Producing drugs is usually a time-consuming process that requires several large factories each handling a different step in the process. But for smaller on-demand batches, MIT has developed a portable pharmacy that’s only about the size of a commercial-grade fridge and promises much faster turnarounds.
There’s a killer new novel about a pharmceutical pirate and the robot that hunts her, set in the world of 2144, coming from Annalee Newitz, the founding editor of io9. Annalee just sold her first novel, Autonomous, to Tor Books. Tor is describing Autonomous as a novel of ideas about intellectual property law, set in a…
Remember a few years back, when relieving your stuffy nose was a simple matter of going to your local pharmacy and buying Sudafed? And then one day Sudafed just....stopped working? You weren’t imagining it. According to new research, phenylephrine—the active ingredient drug makers swapped into over-the-counter…
In the US, drug prices for consumers are climbing. The average cost is up 11% from 2013 to 2014 — that’s a lot more than inflation. What’s really behind that sky-high pricetag?
Brave New World used to be one of the most terrifying stories about a false utopia. It gave us the concept of “test tube babies,” and its name became synonymous with technological progress run wild. But many of the things Aldous Huxley predicted are coming true, and it turns out they’re not so scary.
Yeast, that magical microorganism that provideth bread and beer, can now make narcotics, too. In a much-anticipated update, a team of scientists from Stanford University has engineered a strain of common brewer’s yeast to turn simple sugars into opioid drugs.
It sounds too good to be real: You take one pill every day, and your risk of contracting HIV is reduced upwards of 90 percent. But the Pre-Exposure Prophylaxis (PrEP) program is an actual thing, which the CDC and the WHO have been recommending since last spring. Is daily Truvada as effective as it sounds, and how does…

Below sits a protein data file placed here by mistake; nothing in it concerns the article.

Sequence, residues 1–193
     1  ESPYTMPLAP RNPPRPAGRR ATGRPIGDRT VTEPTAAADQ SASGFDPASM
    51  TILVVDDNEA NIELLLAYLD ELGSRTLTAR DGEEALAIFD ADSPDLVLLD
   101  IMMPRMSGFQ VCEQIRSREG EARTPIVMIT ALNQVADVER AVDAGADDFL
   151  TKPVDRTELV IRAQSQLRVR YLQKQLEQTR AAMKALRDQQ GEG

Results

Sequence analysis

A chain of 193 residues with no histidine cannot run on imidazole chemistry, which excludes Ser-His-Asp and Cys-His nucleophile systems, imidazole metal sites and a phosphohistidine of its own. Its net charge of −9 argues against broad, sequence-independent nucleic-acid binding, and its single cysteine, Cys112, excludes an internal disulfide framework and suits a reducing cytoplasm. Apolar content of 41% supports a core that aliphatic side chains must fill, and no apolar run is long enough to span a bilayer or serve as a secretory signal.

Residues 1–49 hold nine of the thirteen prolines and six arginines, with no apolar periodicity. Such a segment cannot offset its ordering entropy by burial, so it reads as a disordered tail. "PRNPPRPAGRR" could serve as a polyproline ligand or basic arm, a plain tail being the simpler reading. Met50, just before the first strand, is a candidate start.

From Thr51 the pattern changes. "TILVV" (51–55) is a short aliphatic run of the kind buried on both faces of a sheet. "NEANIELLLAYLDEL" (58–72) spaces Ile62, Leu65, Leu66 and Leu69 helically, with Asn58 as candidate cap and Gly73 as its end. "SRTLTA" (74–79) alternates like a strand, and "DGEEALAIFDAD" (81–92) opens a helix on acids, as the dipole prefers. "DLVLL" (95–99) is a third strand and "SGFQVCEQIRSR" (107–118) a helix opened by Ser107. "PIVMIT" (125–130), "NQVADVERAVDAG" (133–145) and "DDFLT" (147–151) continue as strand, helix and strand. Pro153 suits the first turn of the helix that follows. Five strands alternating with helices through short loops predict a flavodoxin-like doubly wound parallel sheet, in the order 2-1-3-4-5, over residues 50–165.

On an obscure webpage that looks like it's been barely updated in the last decade there's a link to download a PDF with the unassuming name of "NDSP Catalog." Click it and you'll find pretty much every drug you can dream up: meth, cocaine, heroin, MDMA—nearly 800 compounds in all. Welcome to the scientist's stash of…
Items directly related to life and death should not go on sale. Sure, the price of any product can be affected by market conditions, but you just don't want to be buying bungee jumping cords half off. You just don't.
Prescription pharmaceuticals tend to have some pretty weird and wonderful names: Bremabecestat, Vepoloxamer, Nexbolizumab, Orilotimod. They sound more like characters from sci-fi films than something you'd want to ingest. So where the hell do they come from?
The demonstration in the video may seem like MAGIC! but it's real: scientists at the U.S. Department of Energy's Argonne National Laboratory are employing a levitation machine that uses sound waves to make liquids float and create "more effective pharmaceuticals with fewer side effects."
Corporations love Facebook, because it's free advertising. Simple! But when you're a company that sells a product that changes the brains of your customers, you might be worried when they start to chat online. Facebook says: tough shit.
John Sulston, along with Sarah Chan and John Harris, write that scientific process is being stymied due to excessive ownership of scientific intellectual property. One of the more troubling statistics? Private companies have patented nearly 20% of human genes.
A special kind of innovative wellness feeling!